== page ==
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The Best Ways to Water Clean Teeth

by
author image Rose Kivi
Rose Kivi has been a writer for more than 10 years. She has a background in the nursing field, wildlife rehabilitation and habitat conservation. Kivi has authored educational textbooks, patient health care pamphlets, animal husbandry guides, outdoor survival manuals and was a contributing writer for two books in the Uncle John’s Bathroom Reader Series.
The Best Ways to Water Clean Teeth
Clean your teeth and gums with water. Photo Credit Ingram Publishing/Ingram Publishing/Getty Images

Overview

Keeping your teeth clean reduces decay-causing bacteria that cause cavities and gum disease. The American Dental Association recommends using a fluoride toothpaste to clean your teeth and prevent decay. Cleaning your teeth with water alone is an oral hygiene option if you don't like toothpaste or if you do not have any toothpaste available, but consult with your dentist before eliminating toothpaste completely from your daily oral cleaning routine.

Brushing

Cleaning your teeth with a toothbrush and water alone can be an effective way to remove plaque. In fact, brushing with water alone may be just as efficient as brushing with toothpaste, according to a study conducted by the Department of Periodontology, Academic Center for Dentistry, Amsterdam. Results of the study, published in the June 2007 issue of the "Journal of Periodontology" found that brushing with water alone removed 6 percent more plaque than brushing with toothpaste. Plaque removal was attributed to friction caused by manual brushing rather than the use of toothpaste. The research study was small, however, and therefore does not replace the American Dental Association's advice of using a fluoride toothpaste to clean your teeth. When brushing with water, brush your teeth, gums and tongue to remove plaque from your entire mouth. Follow brushing with a fluoride mouthwash if desired.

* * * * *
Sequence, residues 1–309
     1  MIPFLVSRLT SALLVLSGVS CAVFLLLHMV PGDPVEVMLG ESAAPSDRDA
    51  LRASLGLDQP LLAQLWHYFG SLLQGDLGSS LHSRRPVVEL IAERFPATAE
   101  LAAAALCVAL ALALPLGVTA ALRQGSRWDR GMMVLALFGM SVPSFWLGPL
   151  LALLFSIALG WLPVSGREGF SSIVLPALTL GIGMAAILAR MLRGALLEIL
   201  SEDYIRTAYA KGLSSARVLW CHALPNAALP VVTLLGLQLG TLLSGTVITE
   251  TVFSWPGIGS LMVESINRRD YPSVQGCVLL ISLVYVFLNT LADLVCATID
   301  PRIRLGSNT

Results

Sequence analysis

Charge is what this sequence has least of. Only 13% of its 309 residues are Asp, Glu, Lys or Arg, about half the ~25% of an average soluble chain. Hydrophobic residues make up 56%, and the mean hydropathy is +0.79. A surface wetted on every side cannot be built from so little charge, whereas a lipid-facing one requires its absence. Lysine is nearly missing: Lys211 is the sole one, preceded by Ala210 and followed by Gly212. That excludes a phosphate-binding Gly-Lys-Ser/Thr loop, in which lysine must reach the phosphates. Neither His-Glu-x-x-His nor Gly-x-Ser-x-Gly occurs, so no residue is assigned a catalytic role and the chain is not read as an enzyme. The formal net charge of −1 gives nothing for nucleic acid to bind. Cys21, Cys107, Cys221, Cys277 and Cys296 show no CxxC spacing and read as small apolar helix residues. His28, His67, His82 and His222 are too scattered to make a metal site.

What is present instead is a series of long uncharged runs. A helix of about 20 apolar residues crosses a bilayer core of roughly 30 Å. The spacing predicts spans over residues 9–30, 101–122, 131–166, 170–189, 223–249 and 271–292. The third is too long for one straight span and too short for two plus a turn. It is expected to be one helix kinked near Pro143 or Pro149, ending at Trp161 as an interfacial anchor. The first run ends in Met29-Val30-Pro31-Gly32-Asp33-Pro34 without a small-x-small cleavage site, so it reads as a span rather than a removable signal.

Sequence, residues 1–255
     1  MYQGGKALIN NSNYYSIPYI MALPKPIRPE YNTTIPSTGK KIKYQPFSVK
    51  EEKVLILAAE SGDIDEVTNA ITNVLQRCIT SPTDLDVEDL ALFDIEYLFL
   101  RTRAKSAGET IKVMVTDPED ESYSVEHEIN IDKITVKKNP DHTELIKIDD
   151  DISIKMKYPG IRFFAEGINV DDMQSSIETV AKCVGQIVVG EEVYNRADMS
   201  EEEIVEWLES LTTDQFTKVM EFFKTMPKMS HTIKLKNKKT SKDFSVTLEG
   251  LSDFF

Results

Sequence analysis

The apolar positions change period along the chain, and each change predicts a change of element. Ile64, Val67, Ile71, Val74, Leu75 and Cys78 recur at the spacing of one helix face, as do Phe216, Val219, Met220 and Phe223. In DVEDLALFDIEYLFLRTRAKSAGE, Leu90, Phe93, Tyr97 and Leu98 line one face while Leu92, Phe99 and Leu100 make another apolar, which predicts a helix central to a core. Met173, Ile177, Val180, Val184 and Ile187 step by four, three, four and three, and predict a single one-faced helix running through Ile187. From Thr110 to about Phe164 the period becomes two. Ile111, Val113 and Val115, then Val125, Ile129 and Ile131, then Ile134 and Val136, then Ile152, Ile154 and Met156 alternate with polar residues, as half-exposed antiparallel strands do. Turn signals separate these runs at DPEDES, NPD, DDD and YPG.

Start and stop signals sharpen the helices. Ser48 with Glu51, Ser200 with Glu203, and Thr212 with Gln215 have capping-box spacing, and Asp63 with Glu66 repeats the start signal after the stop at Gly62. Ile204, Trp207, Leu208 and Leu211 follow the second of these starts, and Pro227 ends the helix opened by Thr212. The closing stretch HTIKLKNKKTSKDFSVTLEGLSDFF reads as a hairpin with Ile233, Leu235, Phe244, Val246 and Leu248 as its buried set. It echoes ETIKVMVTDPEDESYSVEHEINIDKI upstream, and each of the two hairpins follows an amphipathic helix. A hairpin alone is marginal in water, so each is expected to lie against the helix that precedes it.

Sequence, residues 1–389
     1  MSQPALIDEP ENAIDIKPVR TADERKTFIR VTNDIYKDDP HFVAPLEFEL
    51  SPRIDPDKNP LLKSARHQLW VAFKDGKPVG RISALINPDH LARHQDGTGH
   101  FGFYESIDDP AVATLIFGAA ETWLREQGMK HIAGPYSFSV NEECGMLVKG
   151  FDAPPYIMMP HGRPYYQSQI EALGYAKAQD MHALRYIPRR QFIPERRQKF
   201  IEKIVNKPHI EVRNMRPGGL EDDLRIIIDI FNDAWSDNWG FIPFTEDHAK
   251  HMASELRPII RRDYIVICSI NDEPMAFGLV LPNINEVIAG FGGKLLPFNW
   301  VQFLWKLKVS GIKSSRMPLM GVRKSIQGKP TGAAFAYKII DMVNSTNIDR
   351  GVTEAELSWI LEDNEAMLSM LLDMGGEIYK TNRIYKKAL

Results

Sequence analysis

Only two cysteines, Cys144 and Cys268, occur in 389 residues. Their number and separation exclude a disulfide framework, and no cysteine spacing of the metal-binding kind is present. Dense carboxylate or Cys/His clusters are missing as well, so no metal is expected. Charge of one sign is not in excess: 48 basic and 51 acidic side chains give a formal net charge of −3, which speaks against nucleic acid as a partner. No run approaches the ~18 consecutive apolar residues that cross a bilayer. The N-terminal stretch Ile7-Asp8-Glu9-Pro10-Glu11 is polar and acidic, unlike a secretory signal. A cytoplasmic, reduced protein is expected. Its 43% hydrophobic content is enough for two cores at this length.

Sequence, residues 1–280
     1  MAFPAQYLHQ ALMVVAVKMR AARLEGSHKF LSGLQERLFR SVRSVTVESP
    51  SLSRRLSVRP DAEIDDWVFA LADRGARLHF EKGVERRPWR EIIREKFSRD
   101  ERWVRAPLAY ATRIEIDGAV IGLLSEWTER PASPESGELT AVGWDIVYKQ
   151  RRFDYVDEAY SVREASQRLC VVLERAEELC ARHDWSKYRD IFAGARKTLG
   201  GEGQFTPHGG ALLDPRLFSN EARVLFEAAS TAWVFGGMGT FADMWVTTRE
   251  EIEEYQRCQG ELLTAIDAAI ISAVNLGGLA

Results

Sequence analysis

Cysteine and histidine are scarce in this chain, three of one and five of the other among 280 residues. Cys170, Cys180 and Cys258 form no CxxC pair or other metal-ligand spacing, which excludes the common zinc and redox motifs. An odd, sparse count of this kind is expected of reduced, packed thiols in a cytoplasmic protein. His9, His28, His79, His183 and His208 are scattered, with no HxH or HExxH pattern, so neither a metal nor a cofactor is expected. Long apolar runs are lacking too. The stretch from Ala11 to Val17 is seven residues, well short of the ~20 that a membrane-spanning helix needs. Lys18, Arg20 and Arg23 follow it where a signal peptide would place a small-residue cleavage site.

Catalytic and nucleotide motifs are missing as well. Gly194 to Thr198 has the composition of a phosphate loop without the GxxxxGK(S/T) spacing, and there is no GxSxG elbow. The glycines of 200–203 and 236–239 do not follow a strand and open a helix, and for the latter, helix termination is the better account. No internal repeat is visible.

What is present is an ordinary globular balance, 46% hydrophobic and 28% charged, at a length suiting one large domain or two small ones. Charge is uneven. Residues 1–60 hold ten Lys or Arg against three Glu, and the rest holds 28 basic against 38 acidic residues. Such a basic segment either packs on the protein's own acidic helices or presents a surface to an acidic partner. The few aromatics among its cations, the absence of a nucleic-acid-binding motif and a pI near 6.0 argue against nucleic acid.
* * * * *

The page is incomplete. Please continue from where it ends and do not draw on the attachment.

Rinsing

Rinse your mouth with plain water after meals to reduce bacteria and remove food debris. Rinsing with water alone removes about 30 percent of mouth bacteria, the University of Maryland Medical Center estimates. To clean your mouth with a water rinse after eating or drinking sugary drinks, swish water around your mouth for about 30 seconds before spitting it out.

Oral Irrigation

Oral irrigation devices, also called water picks, clean the mouth and gums using a stream of water. While oral irrigation does not replace brushing or flossing, it does help loosen and remove bacteria, food debris and plaque from the surface of the teeth and gums, as well as the spaces between the teeth. Follow the water manufacturer's directions for operating your oral irrigation device.

Consuming Water

Saliva naturally protects your teeth by keeping a proper pH balance in the mouth to make the oral environment less favorable to bacteria. When the pH balance in your mouth is too acidic, decay-causing bacteria flourish. Keeping your mouth naturally moist with saliva is one of the best ways to keep your teeth clean and prevent decay. To keep your mouth producing plenty of mouth-cleaning saliva, drink six to eight 8-ounce glasses of water a day.

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